BackTable / OBGYN / Podcast / Episode #7
Advanced Ultrasound for Endometriosis
with Dr. Mathew Leonardi
On this episode, Dr. Mathew Leonardi of McMaster University Medical Centre joins Drs. Park and Hoffman at the mic to discuss his experience with advanced ultrasound for endometriosis.
BackTable, LLC (Producer). (2022, December 1). Ep. 7 – Advanced Ultrasound for Endometriosis [Audio podcast]. Retrieved from https://www.backtable.com
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Dr. Mathew Leonardi
Dr. Leonardi is a minimally invasive gynecologic surgeon and sonologist with McMaster University Medical Centre in Hamilton, Canada.
Dr. Amy Park
Dr. Amy Park is the Section Head of Female Pelvic Medicine & Reconstructive Surgery at the Cleveland Clinic, and a co-host of the BackTable OBGYN Podcast.
Dr. Mark Hoffman
Dr. Mark Hoffman is an OBGYN and minimally invasive gynecologic surgeon with University of Kentucky Healthcare.
Dr. Leonardi is a minimally invasive gynecologic surgeon and sonologist (ultrasound specialist) in Hamilton, Canada. He received his PhD at the University of Sydney, studying the role of ultrasound for diagnosis of endometriosis and its influence on surgical management of the disease. He then completed a 2-year fellowship in advanced gynecological surgery and ultrasound in Sydney, Australia. He now conducts a comprehensive clinic for the diagnosis and management of endometriosis.
The episode begins with Dr. Leonardi describing his initial fascination with ultrasound as an OB/GYN resident and discussing his various training internationally for advanced gynecological surgery and ultrasound. He highlights specific steps he took, colleagues he collaborated with, as well as barriers he encountered and overcame along the way.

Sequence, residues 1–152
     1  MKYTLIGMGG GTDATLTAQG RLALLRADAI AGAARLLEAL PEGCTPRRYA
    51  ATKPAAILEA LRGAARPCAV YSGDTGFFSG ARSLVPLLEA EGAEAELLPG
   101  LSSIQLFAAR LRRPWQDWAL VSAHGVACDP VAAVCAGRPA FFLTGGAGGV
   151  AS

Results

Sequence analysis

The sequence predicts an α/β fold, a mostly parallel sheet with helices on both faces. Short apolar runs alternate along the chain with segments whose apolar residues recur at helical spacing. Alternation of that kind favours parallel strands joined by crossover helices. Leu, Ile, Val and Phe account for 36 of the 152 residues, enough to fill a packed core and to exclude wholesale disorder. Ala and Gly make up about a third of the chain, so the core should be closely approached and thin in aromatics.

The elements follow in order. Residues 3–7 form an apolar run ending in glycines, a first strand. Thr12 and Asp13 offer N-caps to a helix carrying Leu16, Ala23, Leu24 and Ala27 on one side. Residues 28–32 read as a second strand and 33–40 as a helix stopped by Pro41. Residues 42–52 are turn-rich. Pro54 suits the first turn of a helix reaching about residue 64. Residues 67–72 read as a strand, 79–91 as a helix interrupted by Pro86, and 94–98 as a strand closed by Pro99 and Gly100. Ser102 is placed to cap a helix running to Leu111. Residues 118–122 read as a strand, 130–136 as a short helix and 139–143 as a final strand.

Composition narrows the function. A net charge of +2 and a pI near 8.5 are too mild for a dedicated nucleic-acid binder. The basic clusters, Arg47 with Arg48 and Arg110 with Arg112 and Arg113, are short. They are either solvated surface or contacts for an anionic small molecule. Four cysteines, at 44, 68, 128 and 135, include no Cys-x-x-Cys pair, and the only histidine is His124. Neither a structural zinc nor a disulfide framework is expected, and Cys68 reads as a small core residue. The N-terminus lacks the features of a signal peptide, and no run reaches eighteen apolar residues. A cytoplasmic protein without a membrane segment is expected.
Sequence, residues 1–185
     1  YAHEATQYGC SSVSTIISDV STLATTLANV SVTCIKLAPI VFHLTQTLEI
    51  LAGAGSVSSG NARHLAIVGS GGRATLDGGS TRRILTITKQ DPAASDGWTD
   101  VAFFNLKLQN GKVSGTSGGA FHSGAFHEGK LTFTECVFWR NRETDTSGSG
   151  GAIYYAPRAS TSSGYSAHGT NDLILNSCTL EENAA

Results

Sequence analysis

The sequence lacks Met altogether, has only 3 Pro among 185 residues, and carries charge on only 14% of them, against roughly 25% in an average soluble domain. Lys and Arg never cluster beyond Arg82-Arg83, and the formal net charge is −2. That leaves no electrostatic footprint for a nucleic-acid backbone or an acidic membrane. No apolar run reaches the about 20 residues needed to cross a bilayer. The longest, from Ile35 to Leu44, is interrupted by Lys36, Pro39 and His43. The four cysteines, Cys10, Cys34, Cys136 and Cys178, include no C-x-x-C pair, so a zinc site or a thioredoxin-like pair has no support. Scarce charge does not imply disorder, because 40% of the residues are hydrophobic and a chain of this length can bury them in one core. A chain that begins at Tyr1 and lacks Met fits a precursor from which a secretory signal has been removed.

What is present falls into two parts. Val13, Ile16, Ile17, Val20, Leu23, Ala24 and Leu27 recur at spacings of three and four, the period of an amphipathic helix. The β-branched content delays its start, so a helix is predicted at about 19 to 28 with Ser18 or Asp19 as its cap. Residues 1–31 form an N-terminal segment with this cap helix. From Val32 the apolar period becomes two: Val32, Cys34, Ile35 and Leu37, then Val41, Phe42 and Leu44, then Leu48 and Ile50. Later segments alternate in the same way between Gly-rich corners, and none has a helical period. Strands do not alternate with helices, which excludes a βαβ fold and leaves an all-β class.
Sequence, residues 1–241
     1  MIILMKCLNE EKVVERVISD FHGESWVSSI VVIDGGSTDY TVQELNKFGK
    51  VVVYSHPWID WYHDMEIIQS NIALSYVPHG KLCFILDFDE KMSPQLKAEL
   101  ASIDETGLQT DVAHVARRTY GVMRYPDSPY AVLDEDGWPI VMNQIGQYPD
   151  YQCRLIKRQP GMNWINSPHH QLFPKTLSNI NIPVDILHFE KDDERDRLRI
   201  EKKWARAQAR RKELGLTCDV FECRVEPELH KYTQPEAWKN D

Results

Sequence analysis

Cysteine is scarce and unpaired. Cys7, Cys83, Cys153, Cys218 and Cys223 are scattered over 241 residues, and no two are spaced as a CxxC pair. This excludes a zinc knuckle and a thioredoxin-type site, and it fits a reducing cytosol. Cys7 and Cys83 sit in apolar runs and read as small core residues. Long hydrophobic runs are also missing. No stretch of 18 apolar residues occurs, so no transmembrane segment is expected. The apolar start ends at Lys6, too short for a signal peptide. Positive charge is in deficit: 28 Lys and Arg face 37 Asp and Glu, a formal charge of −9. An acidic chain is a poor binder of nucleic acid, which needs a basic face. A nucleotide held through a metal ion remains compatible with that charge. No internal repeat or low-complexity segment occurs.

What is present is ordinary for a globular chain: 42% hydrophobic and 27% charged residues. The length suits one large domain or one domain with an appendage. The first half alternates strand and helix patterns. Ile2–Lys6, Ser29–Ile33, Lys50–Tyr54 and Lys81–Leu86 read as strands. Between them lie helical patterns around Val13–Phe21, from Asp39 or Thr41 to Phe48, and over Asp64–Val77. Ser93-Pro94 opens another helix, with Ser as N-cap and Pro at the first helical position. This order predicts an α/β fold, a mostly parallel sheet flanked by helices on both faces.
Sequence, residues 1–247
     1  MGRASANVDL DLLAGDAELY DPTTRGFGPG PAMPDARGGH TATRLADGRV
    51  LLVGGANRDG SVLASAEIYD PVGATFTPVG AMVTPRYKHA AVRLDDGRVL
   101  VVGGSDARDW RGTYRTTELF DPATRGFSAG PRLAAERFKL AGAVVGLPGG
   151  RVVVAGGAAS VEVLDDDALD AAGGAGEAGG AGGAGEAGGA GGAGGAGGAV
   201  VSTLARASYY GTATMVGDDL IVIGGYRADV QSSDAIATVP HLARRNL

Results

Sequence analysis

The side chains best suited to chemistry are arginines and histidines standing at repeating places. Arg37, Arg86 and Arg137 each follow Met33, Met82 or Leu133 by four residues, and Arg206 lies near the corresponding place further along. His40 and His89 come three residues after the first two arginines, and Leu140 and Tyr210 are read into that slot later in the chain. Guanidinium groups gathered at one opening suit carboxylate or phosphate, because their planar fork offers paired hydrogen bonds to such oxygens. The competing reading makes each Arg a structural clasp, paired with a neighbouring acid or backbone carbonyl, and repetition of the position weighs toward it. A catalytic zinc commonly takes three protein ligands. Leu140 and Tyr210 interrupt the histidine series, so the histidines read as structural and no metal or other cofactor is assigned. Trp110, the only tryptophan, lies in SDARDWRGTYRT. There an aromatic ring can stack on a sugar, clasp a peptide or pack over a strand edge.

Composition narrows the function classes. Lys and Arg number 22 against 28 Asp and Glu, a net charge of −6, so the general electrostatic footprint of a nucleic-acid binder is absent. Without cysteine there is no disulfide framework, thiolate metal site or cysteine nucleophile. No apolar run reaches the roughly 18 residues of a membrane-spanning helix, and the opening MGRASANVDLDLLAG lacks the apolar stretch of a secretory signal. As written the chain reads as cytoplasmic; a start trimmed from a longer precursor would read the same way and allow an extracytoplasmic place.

The group then talks about the current role of ultrasound within gynecologic care and its potential in the field. Dr. Leonardi explains how he built a gynecologic ultrasound unit, detailing the workflow of his clinic. During this time, he also compares the use of ultrasound versus alternative imaging (e.g., MRI), ultimately favoring the dynamic, efficacious, and cost-effective benefits of ultrasound.
Lastly, the group discusses the topic of bowel endometriosis. Dr. Leonardi describes the limitations of ultrasound in this setting, such as diagnosis of disease that spreads beyond the pelvic brim. The group then transitions to describe the involvement of colorectal surgeons in these cases and brings to light the need for additional training and exposure for minimally invasive gynecologic surgeons.
Leonardi M, Espada M, Condous G. Closing the communication loop between gynecological surgeons, diagnostic imaging experts and pathologists in endometriosis: building bridges between specialties. Ultrasound Obstet Gynecol. 2021 Apr;57(4):523-525. doi: 10.1002/uog.23595. PMID: 33491846.
[Dr. Mathew Leonardi]
When I was doing residency, I remember vividly some of the other surgical services. They would have the images open in the operating room, they'd be looking at the images right before operating on the patient. I can tell you in my residency of OB-GYN, there was a single surgeon, Lisa Allen, who is a PEG and an MIS surgeon, duo, amazing. She was the only person that I remember doing that with opening the ultrasound images in the operating room right before operating on the patient. It was not part of the culture. I think that's another strategy that's really easy to do now as well. As long as you have access to the pictures, open them before you're going to operate on them. If you're the resident that's going to be involved in the case, look at the pictures, start to correlate to the sonographic views with the surgical views, even if they're not the advanced ultrasounds that are looking for deep endometriosis yet, starting to understand what adenomyosis looks like, what fibroids look like, what different ovarian cysts look like.
It's right there in front of you. You have the ultrasound images, the report, the surgical view, and then finally, the surgical pathology. That learning curve is right there for you, but it's not part of the culture yet. I'd encourage residents who are really intrigued, that's one other strategy that you could use. People will find other strategies for sure, like attending conferences and courses.
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